As a mom of three, I’m über aware of my husband and I doing everything we can to raise confident, autonomous children. I’m particularly sensitive about this when it comes to my teenage daughter. While confidence affects everyone along the gender continuum, it’s especially dear to me how the confidence we instil in our daughters is carried throughout their teenage years and into adulthood. Needless to say, I believe that parents play a critical role in influencing their children’s levels of self-confidence, especially when there is a deliberate desire to do so.
But how do we develop our confidence long past the years of being under our parents’ roof?
As women we can change the perspectives we hold about ourselves if they’re not serving us, even when those beliefs are deeply engrained. We can change the messages we tell ourselves to up our confidence and become our own best friend.
When I work with my coaching clients, lack of confidence is most of often at the root of their fear in making that next move, following that career passion, or striving for that romantic relationship. Despite working with some of the most talented people in the corporate world, so many of them struggle with believing in their full self-worth. These people don’t lack brilliance – they lack self-belief.
In our coaching sessions we work on getting them to a life beyond their fears and into their passions by working on everything from mindset to strategic planning. But it all starts with believing they’re worth it.
I live for the moments when our work together is done and I send off a totally evolved version of the person who came in—the “new them”. These clients postures have changed, their laugh lighter, their smile wider, their energy transformed. They aren’t afraid of feedback, wear funky socks and purses that reflect their unique style. They speak more boldly and are secure in their own company. They are promoted, get raises and aim for what they previously believed was out of reach.
They become fully themselves: the beautiful parts and the hot mess. It’s all okay, and they own it.
So, what do they do to gain this self-confidence?
- They reach out to people: They connect with the people whom they trust and admire, both in their professional and personal circles and ask for honest feedback about themselves regularly.
- They evaluate that feedback and weigh it: They focus on the aspects that are remarkable about them and work on the weaknesses that are important in their work and relationships.
- They challenge their reactions when feeling judged: Judging others is part of human nature and my clients who transform really take this on board. They come to understand that the more you put yourself out there, the more you will be critiqued. But also, the more you are likely to be admired and adored. Either way, you are more of yourself, and that’s the important part.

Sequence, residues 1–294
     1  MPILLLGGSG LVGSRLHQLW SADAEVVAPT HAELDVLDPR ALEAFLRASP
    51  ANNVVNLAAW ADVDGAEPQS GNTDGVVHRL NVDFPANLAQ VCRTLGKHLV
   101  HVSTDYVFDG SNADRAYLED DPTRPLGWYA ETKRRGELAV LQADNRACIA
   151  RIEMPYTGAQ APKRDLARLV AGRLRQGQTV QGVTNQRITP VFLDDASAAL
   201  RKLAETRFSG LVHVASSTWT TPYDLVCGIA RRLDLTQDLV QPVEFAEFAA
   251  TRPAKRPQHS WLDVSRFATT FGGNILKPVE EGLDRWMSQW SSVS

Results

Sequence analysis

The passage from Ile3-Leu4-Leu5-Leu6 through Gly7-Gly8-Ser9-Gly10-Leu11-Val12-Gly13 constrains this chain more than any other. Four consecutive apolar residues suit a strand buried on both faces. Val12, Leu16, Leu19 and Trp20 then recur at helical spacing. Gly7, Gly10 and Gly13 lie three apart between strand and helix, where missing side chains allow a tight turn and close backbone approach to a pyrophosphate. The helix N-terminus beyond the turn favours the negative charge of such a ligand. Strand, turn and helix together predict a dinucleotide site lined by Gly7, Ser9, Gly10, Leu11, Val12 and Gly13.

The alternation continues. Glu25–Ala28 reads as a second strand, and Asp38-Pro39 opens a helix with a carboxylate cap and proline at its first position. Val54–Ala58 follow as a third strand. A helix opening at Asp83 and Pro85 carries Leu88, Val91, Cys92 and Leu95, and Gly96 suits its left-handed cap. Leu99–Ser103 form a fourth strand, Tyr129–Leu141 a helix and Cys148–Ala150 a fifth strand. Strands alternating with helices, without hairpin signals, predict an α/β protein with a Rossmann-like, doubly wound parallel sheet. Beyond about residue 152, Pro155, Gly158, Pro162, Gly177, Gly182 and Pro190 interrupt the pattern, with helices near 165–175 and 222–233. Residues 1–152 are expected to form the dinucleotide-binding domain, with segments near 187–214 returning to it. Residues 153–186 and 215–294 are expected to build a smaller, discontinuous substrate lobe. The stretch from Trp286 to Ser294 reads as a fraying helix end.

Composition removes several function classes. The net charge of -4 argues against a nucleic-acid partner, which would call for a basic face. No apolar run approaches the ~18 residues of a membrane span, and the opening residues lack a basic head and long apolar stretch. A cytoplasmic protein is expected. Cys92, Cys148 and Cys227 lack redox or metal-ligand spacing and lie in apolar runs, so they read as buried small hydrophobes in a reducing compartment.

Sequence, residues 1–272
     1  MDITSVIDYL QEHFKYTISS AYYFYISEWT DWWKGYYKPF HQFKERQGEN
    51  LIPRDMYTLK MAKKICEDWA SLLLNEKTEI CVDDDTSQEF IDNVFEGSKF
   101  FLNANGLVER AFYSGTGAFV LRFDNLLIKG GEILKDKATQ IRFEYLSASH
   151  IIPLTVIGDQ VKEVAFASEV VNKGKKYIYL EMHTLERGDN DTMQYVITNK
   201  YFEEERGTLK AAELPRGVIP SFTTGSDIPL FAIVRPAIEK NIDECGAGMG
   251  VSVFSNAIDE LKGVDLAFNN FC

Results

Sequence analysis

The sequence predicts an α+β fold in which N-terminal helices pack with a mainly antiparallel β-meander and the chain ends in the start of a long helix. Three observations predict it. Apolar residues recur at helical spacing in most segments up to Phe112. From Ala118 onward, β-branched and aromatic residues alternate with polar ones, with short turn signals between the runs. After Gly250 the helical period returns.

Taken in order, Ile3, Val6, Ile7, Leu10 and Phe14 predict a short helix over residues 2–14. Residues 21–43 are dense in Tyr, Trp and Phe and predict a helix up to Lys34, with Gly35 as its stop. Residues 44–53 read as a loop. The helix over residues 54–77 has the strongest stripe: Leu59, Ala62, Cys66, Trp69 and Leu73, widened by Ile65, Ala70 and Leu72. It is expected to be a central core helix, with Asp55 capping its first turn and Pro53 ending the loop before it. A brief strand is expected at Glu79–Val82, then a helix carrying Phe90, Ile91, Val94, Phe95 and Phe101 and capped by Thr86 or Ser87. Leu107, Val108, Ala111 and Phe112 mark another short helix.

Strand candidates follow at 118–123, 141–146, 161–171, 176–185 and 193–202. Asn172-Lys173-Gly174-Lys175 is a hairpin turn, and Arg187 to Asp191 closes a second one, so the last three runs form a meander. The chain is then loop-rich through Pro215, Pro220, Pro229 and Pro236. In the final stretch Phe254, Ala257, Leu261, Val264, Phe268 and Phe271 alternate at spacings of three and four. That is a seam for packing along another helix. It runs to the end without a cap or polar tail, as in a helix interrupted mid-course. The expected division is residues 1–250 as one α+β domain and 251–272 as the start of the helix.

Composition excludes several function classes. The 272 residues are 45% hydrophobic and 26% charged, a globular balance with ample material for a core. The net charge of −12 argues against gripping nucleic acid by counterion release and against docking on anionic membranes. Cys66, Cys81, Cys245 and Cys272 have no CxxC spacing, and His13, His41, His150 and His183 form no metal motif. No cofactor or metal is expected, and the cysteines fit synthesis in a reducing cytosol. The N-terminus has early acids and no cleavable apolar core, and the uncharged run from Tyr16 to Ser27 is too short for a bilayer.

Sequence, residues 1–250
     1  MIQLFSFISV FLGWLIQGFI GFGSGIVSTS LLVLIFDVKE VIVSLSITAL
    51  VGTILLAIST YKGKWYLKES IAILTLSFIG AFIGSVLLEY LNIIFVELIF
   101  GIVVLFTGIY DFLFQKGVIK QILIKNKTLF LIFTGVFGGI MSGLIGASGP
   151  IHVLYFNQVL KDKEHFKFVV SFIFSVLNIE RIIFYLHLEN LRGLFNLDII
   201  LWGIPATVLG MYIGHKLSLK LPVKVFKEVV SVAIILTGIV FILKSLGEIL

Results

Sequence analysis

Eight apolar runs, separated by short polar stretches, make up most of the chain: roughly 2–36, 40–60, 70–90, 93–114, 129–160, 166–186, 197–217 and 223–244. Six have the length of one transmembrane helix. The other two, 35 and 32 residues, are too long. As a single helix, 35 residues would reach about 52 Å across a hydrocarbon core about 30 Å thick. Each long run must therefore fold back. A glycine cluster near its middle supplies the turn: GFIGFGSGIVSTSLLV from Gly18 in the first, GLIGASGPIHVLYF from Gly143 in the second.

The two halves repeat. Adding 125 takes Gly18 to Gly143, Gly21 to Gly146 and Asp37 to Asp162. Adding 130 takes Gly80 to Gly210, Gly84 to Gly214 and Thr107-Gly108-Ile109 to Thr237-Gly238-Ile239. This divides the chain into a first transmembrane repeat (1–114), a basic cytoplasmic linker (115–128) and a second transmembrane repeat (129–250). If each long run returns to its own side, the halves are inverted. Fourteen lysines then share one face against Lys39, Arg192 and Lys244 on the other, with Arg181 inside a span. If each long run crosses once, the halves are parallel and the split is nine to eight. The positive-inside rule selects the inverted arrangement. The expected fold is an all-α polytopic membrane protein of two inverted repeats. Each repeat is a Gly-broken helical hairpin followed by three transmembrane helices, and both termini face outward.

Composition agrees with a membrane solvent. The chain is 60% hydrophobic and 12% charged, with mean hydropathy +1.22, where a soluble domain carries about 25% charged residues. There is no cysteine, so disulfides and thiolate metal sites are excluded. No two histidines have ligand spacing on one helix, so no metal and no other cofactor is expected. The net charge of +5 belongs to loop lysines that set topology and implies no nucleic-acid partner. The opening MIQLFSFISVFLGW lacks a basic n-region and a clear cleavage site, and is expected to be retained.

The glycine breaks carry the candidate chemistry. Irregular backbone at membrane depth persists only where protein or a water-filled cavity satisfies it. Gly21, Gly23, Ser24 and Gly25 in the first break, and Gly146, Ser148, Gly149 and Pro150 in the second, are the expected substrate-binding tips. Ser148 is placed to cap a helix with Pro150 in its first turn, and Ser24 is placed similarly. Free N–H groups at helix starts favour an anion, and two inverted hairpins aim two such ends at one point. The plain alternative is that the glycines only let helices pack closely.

- They work on their mindset and examine what they think about: When they catch themselves engaged in negative self-talk they routinely assess it and then reframe it to something supportive. No matter how often it happens or how silly it may feel to reposition, they keep showing up for themselves and reap the benefits in time.
- They push themselves to take chances: They know their dreams are beyond their comfort zones and begin to see fear as a sign they’re on the right track.
- They start seeing failure as an opportunity to learn: Instead of fearing failure and viewing it as the exception to avoid at all costs, they begin to truly understand failure in a new light, as being a part of regular life—especially of those who dare to take chances.
- They focus on their strengths: They accept that we all have strengths and weaknesses but choose to elevate and make even more visible the remarkable parts of themselves.
- They let go of perfectionism: Good and bad days are a part of life and they get this, allowing themselves to let go of the desire to be perfect.
- When they do wrong, they make it right again: Holding themselves accountable to their slip-ups is part of what makes them so self-assured. They know what they believe in and readily right their wrongs.
- They forgive themselves: They see path to self-love as continuous and offer themselves the compassion they deserve.
Now, I say “they” here, but I could also be describing you.
The beauty about the path to greater self-confidence is that everything you need is already available to you. The short list above is but a handful of examples of practices to take on to move in the direction you’re seeking. Nothing is based on innate qualities or circumstances, simply a willingness to make a change and the discipline to take the concrete steps to get there.
Imagine walking into a room and truly feeling savvy, smart, beautiful and ready to take on the world.
It is in you.
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Do you have any favourite practices that have helped boost your confidence?
Share them in the comments below!